What should I bid? (September 2014)


What should I bid? (September 2014)

The best submission for September came from Alan Boyce. He wins a voucher of $30 funded by TBIB, toward any purchase made at the Bridge Shop or Paul Lavings Bridge Books.

Nil Vul, Dealer is East, Matchpoints. I was West.


West North East South
Pass 1

This hand occurred in the QBA graded pairs event.
Until I heard my RHO’s bid I expected to bid 4 over pretty much anything. My RHO opened 1, and I thought if it goes Pass by me, 1NT by N, pass by South I could try a double to get partner to lead dummy’s first bid suit, but it seemed like a long shot. So I overcalled 4, down 1 for 69% of the matchpoints.

I truly didn’t really know what I should do, that seemed the least complicated bid. A 2 or 3 overcall will surely be read as a cue-bid from partner, and I don’t want them to get to a making contract outside of spades, and if I try and back into the auction after passing the first time, surely a later spade bid will be read as a cue-bid. Also, given my hand, I had a thought that my RHO might have just have made a 2nd seat psyche.

Out of 14 tables in A Grade, 11 different contracts were declared. The worst outcomes for E-W was when South got to play in 2 after 1NT by north, then 2 by south, passed out.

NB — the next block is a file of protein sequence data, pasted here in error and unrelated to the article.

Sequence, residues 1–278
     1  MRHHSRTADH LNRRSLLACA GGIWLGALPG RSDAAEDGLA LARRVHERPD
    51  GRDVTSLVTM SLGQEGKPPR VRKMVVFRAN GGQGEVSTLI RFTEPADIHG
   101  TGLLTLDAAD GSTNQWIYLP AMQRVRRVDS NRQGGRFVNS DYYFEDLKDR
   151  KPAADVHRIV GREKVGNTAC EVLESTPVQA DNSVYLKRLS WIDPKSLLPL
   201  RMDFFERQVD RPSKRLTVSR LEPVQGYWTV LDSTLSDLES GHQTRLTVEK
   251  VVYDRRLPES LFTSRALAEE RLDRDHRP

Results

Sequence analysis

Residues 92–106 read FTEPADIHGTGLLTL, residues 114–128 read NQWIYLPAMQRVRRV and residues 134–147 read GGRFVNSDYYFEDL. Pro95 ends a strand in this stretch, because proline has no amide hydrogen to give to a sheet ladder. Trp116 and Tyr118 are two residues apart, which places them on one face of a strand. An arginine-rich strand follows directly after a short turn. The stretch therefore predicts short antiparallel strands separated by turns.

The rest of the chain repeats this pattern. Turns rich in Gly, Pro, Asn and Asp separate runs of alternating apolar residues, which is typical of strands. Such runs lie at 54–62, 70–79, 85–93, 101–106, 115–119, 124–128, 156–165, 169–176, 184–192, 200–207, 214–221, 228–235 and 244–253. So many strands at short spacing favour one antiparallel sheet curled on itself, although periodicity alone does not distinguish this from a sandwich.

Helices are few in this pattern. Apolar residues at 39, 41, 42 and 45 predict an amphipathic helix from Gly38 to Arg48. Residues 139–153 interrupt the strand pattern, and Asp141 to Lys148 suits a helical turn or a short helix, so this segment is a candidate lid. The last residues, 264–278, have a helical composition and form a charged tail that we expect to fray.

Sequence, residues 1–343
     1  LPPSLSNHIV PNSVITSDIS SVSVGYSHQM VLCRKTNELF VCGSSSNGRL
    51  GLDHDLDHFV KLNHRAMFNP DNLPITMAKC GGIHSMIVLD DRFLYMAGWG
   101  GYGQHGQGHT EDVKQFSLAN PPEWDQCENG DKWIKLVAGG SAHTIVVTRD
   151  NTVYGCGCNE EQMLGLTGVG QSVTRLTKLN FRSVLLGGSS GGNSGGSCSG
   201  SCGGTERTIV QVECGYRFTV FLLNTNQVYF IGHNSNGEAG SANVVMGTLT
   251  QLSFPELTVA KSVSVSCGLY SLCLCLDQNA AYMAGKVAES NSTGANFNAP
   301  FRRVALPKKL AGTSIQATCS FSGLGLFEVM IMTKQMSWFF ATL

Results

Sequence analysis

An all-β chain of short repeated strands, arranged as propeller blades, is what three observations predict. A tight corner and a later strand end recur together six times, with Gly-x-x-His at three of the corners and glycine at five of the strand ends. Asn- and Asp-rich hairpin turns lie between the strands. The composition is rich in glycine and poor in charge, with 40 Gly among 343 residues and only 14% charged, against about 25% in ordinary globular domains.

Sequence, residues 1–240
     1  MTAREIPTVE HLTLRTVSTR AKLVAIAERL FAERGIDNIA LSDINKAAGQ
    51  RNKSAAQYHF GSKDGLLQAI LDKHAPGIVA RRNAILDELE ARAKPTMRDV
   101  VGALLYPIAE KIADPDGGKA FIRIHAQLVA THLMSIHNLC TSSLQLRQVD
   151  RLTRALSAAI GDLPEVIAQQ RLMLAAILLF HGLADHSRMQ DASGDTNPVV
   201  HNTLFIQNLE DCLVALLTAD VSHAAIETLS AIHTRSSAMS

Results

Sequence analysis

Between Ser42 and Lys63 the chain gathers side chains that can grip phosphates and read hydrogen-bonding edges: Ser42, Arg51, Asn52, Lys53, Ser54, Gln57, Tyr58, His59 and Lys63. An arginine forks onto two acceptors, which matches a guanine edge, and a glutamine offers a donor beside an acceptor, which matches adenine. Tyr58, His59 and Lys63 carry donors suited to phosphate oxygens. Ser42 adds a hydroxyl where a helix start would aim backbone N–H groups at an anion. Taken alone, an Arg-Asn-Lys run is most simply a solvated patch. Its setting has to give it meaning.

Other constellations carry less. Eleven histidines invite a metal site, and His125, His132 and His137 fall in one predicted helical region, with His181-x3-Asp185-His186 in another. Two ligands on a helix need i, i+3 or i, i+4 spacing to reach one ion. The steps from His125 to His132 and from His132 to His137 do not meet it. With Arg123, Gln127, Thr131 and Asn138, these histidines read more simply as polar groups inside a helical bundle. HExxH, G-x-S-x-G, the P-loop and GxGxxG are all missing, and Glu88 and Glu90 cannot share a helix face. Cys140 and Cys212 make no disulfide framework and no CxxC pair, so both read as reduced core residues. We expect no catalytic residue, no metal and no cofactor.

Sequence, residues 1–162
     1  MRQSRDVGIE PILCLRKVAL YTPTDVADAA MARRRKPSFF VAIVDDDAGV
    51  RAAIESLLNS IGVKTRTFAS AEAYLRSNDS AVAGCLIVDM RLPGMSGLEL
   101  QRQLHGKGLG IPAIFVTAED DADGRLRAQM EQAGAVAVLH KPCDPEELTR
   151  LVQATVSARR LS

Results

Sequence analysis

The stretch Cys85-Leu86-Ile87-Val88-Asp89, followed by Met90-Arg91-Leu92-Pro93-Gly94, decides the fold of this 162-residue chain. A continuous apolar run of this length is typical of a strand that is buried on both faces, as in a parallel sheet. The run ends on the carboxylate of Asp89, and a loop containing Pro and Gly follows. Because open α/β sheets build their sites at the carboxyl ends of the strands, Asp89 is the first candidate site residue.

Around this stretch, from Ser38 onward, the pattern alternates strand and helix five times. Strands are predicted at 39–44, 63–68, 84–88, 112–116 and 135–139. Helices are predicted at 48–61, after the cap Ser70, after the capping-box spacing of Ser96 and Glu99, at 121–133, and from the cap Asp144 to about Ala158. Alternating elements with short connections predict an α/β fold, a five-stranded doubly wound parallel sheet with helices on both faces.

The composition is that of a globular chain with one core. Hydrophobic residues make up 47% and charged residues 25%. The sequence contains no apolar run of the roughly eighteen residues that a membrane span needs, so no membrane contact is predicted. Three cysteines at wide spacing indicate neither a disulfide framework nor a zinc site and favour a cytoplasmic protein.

As I was the only one in 4 clearly I was the only one who made this decision, I’m wondering what you would have done?

The whole hand:

Nil Vul
E Dealer

A K 5 4
Q 10 7 4
10 7 6 2
A K Q J 9 8 6 5
Q 10 9
3 2
[ 14 ]
J 6 3 2
J 9 5
A J 9 8 4 3
  10 7 4 3 2
8 7
A K 8 6

Hi Alan,

Interesting hand you have there!

When faced with such a scenario, your best course of action first is to pass, as you correctly pointed out that a direct 2 or a 3 bid would be interpreted as a cuebid. What your plan should be is to first pass then come back in later with a spade bid. This should definitely be understood as natural and not a cuebid – the reasoning for that is, if you had some other distributional hand, you would have other options available to you (such as double, or bid NT’s, or cuebid another suit etc). The one and only way to bid spades intending it as natural is to pass first and bid spades later.

For example, after your auction of Pass-1-Pass-1NT // Pass-2-? If you bid 2 or 3 now, this can’t be anything else but a decent hand with long spades. If you had the other 2 suits, you could now make a takeout double, or maybe bid 2NT, or maybe even 3. A delayed 2 bid now should be played as natural.

This delayed spade bid isn’t always natural in these “pass-then-bid-spades” scenarios. For example:
1 – Pass – 1NT – 2 // Pass – 2 This 2 bid now would be a cuebid, showing a good raise in hearts, as partner has overcalled 2.

Back to the actual deal, after passing the first time round, I would personally prefer to now bid only 2. You do have a good hand, sure, but you will need a lot from partner in order to make 10 tricks. A 2nd seat psyche of 1 isn’t impossible, but I would be inclined to rule that out as it would be quite an unlikely scenario. If my RHO does indeed have a 1 opening, then I know I will have a spade loser. This is another reason to go low with 2.

Just remember, when you do bid (a delayed) 2, your partner should know that you have a good hand – after all, you are bidding your opponent’s 5-card suit, so you certainly shouldn’t have a bad hand! Thus, there is no need to jump to 4. If partner does have a decent hand, he can continue the bidding over my delayed 2 bid.

I hope that helps.


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